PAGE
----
Updated August 19, 2022 - 5:30 pm
The company building the 20,000-seat MSG Sphere at The Venetian is considering spinning off its live entertainment divisions to focus on its Sphere and Tao Hospitality Group operations.
Madison Square Garden Entertainment Corp. first announced plans to explore the spinoff on Thursday, later elaborating on the details during its fourth-quarter earnings call on Friday. There’s no timeline for when a spinoff would be completed.
During its call with industry analysts, company executives said the Sphere project is less than a year from completion and the construction cost estimate was upped from $1.87 billion to $2 billion.
“With respect to MSG Sphere, our project to-date construction costs through June 30 were approximately $1.53 billion, which includes approximately $190 million of accrued costs that were not paid as of June 30 and is net of the $65 million received from The Venetian,” David Byrnes, executive vice president and chief financial officer at MSG Entertainment, said in the call.
The money received from The Venetian occurred when Las Vegas Sands Corp. owned the Strip resort.
Executives cited inflation and higher costs associated with supply-chain issues for the higher estimate.
The company said its new publicly-traded spinoff company would oversee MSGE’s entertainment and sports-booking business, which includes concerts, family shows and special events; the Radio City Rockettes and Christmas Spectacular presentations; arena licensing with the NBA New York Knicks and NHL New York Rangers; and MSG Networks, the broadcast arm handling NBA and NHL games and other sports content.
MSG Entertainment will oversee MSG Sphere, the first of which is being built in Las Vegas and is expected to grow into a franchise; majority interest in Tao Hospitality Group, which includes 15 Las Vegas venues including the Tao, Hakkasan, Marquee and Lavo-branded locations; a one-third interest in the new company; and most of the company’s cash on hand.
Byrne said the process of hiring Sphere staff would occur in the months ahead.
“As we’ve noted in the past several quarters, we have seen increased operating costs related to the Sphere, and that primarily relates to content development, including headcount as we’re building out that team,” he said.
“And then as we look to the year ahead, we do expect headcount related to the Sphere to increase, both for continued content development and to make sure that the venue’s appropriately staffed ahead of the opening, which again, we’re getting into striking distance. That will include staffing up areas like venue management, security, food and beverage teams, merchandise teams, everything you think about just being ready to have the venue open in the second half of ‘23.”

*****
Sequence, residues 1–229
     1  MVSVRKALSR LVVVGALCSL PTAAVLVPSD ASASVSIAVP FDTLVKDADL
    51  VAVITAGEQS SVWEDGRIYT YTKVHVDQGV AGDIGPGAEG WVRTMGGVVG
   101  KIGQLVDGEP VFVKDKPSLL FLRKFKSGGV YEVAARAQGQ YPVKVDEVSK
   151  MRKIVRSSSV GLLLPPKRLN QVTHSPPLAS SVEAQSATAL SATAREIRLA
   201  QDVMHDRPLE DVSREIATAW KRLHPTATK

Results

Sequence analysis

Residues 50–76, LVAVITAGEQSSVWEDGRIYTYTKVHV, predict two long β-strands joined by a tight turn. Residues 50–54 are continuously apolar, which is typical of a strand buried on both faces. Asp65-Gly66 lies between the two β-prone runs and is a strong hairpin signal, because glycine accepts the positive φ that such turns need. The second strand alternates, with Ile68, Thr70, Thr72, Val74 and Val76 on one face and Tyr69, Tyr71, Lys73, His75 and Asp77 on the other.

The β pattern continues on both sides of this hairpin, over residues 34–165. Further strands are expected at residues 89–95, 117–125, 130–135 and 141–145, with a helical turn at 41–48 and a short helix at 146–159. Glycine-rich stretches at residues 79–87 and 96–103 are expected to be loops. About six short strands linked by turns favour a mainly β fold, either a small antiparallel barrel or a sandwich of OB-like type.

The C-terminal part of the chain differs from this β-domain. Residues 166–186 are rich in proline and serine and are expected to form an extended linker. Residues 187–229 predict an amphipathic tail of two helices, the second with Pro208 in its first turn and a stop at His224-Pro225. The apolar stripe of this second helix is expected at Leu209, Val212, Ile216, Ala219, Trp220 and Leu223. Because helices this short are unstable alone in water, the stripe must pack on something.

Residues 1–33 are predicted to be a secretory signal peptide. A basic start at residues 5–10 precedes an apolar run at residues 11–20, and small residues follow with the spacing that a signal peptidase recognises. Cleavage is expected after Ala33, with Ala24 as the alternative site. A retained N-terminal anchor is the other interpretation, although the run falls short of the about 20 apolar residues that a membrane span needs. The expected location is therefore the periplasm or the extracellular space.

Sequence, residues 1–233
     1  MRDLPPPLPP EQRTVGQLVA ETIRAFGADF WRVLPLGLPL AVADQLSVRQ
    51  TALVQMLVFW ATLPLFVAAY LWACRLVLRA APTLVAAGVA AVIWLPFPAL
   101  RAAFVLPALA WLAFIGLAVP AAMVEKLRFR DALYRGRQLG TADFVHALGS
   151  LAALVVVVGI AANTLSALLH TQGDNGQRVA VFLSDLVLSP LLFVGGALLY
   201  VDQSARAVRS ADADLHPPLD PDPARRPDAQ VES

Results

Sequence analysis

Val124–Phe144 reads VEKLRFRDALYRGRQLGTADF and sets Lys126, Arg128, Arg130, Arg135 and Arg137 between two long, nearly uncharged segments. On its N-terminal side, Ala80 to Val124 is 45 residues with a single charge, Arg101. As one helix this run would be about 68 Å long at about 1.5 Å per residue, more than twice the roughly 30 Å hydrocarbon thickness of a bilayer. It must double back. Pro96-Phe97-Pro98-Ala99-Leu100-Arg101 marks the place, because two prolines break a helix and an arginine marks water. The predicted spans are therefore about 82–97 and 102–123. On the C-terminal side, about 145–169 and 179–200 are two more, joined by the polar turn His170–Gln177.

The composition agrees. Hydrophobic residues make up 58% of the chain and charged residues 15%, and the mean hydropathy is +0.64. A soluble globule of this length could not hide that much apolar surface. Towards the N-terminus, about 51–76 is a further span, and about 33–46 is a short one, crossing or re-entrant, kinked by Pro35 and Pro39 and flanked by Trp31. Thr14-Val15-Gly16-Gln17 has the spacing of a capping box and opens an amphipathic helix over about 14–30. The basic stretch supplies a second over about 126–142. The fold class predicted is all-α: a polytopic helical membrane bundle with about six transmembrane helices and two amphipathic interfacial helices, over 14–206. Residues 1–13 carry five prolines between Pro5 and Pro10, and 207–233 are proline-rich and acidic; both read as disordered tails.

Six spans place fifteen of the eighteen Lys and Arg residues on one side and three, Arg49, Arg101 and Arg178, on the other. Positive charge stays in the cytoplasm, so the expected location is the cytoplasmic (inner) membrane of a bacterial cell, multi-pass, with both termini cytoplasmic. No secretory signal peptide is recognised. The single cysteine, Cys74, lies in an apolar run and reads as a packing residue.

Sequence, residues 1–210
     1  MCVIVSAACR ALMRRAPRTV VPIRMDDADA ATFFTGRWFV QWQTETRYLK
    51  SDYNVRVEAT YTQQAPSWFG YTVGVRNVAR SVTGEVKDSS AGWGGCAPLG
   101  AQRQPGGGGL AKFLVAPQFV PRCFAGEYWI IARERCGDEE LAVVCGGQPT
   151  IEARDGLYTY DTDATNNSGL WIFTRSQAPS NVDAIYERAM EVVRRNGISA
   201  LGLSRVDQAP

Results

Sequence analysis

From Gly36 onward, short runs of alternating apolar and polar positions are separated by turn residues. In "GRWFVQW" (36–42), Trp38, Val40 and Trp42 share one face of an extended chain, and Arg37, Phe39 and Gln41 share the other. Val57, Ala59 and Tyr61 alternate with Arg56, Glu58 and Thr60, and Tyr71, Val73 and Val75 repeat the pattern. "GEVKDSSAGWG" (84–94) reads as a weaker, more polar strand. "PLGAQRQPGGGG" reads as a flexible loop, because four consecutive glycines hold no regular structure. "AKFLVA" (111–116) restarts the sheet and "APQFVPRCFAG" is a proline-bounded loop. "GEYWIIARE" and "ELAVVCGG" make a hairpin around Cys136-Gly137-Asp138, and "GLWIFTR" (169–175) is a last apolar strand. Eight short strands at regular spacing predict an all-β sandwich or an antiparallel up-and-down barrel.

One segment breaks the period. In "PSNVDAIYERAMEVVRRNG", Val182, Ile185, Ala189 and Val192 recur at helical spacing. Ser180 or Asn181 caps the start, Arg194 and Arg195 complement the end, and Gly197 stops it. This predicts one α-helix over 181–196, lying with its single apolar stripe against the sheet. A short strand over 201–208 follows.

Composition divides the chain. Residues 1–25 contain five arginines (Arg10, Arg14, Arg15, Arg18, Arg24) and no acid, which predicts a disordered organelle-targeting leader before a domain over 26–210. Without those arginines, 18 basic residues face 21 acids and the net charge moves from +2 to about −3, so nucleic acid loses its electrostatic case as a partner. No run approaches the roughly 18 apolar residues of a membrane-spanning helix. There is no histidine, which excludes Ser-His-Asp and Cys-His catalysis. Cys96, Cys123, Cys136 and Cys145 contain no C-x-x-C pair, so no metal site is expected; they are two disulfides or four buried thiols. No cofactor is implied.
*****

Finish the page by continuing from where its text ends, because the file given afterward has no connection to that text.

Byrne didn’t confirm other partnerships in the works and what entertainers it has approached for performances. There were unconfirmed reports that Irish rock band U2 would have a residency, making them the first performers at the venue.
“Now that we’re within that time frame, we should soon be in a position to start sharing positive news on sponsorships, corporate partnerships, beginning to announce the first artist to play the Sphere and so on,” he said. “And while we don’t have anything more to say today, we look forward to sharing more in the months ahead and as we get closer to the opening.”
One partnership that has been confirmed is with the operators of the Formula One Las Vegas Grand Prix auto race in November 2023. The course will bring cars near the building, and video from the race is expected to be projected on the building’s exterior screen.
The creative content that is being produced in MSG’s Burbank, California studio — referred to by the company as “Big Dome” — will drive the year-around shows at the building.
“As you know, we’re hard at work with creators, artists, technologists and visionaries to bring the future of entertainment and immersive experiences to life at Sphere,” Byrne said. “The studio features an ultra-high-resolution LED interior screen. It’s a quarter scale of the full resolution MSG Sphere display plane that’s going to be in Vegas.”
The MSG board’s announcement about the proposed company spinoff was made after the market closed Thursday. Stock shares, traded on the New York Stock Exchange, climbed after the market opened Friday. The stock closed Friday up $2.21, 3.5 percent, to $64.91 a share on volume 5½ times the daily average.
After hours, stocks rose 29 cents, 0.5 percent, to end at $65.20 a share.
The Review-Journal is owned by the Adelson family, including Dr. Miriam Adelson, majority shareholder of Las Vegas Sands Corp., and Las Vegas Sands President and COO Patrick Dumont.